- A lack of understanding about the topics covered in the resolutions
- A lack of appreciation about what share ownership means and what benefits/powers it gives ’joint’ owners of the companies
So, in addition to promoting more use of employee share plans by companies to bolster engagement, would you advocate more financial education?
Traditionally, financial education around employee plans has focused on savings, investment and taxation. These are all key to employees making decisions about participation.
However, if engagement is to be achieved, then we have to look at building on this and developing a greater understanding of ‘company business’ at general meetings, including what rights and powers employee investors have as share owners and how those rights are exercised.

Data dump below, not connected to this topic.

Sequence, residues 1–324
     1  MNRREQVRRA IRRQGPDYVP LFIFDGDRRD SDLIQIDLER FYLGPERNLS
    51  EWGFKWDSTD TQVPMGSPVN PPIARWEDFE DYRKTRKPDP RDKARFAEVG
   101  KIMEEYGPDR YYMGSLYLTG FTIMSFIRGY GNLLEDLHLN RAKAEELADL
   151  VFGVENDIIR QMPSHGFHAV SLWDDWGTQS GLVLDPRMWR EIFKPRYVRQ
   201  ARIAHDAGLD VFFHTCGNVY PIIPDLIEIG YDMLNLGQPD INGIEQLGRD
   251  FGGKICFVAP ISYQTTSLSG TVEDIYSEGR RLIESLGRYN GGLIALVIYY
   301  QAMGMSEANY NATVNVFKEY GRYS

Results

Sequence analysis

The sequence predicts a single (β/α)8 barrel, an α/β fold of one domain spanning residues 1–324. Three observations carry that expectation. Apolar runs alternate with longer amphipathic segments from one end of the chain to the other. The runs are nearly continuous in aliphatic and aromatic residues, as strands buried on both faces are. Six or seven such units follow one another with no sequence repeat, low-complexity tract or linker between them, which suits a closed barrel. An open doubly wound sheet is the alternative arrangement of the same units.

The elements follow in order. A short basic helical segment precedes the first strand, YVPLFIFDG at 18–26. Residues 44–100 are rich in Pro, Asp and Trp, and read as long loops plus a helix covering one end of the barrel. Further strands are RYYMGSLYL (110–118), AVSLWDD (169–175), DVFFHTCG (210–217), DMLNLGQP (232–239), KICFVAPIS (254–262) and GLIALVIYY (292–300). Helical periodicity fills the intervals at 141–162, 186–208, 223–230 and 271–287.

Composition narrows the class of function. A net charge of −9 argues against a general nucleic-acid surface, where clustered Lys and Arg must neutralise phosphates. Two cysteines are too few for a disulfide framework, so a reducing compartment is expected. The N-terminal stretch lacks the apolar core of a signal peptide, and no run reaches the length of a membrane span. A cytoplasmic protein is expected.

'The complexities of savings, investment, taxation, debt, employment and pensions need to be tackled in the school environment'
I believe if we tackle these issues, then the transparency concerns would be less influential in the minds of employee voters, and the levels of engagement and voting would be substantially improved.
For too long, formal education about practical financial matters has been limited and now - more than ever - the complexities of savings, investment, taxation, debt, employment and pensions need to be tackled in the school environment and curriculum.
Do institutional investors have a role in advocating employee share plans as an engagement tool?
Institutional investors have a huge stewardship responsibility towards the long-term health of the companies they invest in. This is clearly shown in the new UK Stewardship Code 2020 which takes effect from 1 January 2020.